Sometimes it's enough to throw in a new character and let them play with the others. I've done that in Resurrection. Another tactic which Stephen King used in "The Stand" when he got stuck was to kill a whole slew of them off and watch the dynamics change.

Don't be afraid to ask for help - here, or with your readers, or in PMs. Sometimes it's as simple as letting someone else hear where you're stuck and trusting their instincts.

Regarding the time passing in the AAR - That's a choice you need to make. Story based AARs almost always move much, much slower (in game time) than historical narratives, which are in turn usually slower than pure gameplay. "Resurrection" has been in 1784 for...a very long time.

It can be a little frustrating to be honest. You want to crank up the game to see what happens next - and your character wants to spend several posts courting a new love. In a character based story, he wins. In game play - you skip ahead.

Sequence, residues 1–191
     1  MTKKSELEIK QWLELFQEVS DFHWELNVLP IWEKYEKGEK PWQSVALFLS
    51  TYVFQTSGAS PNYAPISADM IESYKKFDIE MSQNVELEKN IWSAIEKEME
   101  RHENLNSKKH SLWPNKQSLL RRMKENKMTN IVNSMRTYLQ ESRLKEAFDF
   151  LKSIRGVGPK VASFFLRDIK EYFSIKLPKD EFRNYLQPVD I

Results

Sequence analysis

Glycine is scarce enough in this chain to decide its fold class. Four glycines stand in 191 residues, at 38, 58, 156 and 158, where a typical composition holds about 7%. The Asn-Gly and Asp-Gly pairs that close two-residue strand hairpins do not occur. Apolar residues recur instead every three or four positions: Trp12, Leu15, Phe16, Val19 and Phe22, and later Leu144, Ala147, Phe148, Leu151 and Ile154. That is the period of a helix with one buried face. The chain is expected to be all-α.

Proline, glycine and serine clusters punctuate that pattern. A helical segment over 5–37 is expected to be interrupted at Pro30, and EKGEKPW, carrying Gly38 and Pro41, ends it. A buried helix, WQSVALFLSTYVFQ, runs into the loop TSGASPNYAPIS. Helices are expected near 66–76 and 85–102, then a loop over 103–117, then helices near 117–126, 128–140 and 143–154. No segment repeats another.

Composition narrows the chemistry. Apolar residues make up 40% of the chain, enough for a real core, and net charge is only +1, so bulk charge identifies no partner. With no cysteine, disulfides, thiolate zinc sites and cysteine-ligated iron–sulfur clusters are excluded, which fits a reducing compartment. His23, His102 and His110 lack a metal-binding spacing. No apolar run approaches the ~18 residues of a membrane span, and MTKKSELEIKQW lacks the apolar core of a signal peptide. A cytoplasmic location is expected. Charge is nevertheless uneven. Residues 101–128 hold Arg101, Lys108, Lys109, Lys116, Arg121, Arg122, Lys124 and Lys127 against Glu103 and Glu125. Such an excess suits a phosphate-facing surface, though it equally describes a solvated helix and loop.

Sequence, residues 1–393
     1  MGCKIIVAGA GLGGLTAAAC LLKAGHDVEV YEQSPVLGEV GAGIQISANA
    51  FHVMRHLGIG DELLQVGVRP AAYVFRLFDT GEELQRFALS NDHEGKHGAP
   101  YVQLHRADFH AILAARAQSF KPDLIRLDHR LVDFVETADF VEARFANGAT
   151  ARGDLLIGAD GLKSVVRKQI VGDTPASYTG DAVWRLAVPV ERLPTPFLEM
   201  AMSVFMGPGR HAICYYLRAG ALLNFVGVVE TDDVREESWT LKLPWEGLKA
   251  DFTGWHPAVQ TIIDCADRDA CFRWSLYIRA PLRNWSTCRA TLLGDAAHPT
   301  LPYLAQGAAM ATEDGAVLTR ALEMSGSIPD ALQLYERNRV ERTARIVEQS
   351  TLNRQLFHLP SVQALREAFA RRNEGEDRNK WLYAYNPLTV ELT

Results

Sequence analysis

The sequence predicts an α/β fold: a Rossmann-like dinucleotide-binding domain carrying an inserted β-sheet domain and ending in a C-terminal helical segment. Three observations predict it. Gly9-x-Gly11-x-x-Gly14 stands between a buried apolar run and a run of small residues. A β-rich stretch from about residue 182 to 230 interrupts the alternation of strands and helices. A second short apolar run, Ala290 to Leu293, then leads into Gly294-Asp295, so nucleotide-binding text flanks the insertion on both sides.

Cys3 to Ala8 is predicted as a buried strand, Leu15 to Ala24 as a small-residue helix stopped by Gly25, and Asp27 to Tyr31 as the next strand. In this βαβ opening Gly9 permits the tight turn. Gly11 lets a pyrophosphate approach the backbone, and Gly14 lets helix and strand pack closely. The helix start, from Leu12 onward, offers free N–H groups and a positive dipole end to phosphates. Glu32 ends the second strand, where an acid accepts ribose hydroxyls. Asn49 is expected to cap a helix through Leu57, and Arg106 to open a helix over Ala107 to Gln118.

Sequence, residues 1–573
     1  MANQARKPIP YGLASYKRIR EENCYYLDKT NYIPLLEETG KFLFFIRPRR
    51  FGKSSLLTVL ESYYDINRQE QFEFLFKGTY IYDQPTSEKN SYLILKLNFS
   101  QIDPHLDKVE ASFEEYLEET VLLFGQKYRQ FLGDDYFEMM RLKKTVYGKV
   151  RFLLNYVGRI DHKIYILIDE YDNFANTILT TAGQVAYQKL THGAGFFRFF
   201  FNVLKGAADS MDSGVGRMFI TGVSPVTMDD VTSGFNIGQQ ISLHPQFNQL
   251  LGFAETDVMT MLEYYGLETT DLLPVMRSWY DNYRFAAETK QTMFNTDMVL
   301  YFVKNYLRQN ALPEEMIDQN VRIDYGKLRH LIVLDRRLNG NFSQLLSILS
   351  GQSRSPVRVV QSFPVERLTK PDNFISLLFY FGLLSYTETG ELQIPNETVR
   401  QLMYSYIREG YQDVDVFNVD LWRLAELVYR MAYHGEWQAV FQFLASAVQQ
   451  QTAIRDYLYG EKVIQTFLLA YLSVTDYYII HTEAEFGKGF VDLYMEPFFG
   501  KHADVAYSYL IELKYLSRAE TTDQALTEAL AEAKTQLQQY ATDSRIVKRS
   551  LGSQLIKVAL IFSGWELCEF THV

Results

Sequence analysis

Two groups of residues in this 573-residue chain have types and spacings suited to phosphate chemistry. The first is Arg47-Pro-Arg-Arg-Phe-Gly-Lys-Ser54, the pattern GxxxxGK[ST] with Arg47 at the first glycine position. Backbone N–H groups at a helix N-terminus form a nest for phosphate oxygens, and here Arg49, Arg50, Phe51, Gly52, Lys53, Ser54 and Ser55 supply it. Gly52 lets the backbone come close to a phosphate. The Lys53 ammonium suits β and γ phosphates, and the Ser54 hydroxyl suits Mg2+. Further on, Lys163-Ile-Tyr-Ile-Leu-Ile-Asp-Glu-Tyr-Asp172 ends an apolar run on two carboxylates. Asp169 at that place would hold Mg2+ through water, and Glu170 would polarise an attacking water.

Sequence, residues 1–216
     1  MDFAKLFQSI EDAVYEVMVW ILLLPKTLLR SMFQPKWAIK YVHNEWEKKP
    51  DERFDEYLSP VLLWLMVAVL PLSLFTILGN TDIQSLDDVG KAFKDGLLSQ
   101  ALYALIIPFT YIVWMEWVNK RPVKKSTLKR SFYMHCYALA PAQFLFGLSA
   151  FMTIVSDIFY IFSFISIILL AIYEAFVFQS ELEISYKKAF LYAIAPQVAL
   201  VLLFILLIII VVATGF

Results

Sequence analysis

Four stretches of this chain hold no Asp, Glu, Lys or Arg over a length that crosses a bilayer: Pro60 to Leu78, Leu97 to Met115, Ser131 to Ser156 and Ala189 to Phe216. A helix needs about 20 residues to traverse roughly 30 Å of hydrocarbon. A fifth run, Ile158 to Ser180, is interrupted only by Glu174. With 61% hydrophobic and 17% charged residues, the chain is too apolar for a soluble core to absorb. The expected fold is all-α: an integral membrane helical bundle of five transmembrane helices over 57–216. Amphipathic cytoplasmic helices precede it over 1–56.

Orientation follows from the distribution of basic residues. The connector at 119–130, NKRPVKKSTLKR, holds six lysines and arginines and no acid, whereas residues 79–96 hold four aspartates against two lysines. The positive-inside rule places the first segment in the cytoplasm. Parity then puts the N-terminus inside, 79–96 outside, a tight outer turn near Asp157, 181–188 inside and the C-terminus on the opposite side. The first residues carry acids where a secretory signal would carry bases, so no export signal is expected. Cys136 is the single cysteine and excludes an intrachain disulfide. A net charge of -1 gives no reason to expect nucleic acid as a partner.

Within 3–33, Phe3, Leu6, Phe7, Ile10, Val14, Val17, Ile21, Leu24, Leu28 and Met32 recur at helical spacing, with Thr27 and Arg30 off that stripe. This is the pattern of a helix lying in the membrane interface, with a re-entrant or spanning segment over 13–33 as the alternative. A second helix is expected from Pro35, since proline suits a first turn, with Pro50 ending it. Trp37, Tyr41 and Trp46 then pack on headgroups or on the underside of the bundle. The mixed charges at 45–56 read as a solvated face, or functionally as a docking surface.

I think it makes for a much richer story if you just let your characters have their way (while keeping an eye on the main plot.) Of course the question is: Is that what you want? Or do you want to talk about California's growth in the nineteenth century?
 

likk9922

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CatKnight said:
*******

There was a time I would have agreed with this...but maybe not.

Another forum I'm on is discussing ways to immerse readers into your story. There are a few tricks: Giving them a say in what happens, letting them guest author or have a character in your AAR are easy enough.

Listening closely to and responding to comments is one that not enough people take advantage of, though many over the years mention it. Sometimes comments actually change my story or gameplay. I think they like that.

This other forum I'm talking about is generally very bad at comments - and not good at stories. The functional equivalent would be game play AARs. People view. They don't comment.

I sat down and started telling a story there. Yes, there was game play... but I found the more I focused on the lives of the characters, their interactions and feuds, the more comments I got. The more people started caring what happened. I once flatly asked if the storyline was getting in the way, and one reply was equally frank: "I want to hear the story. I don't care about the game."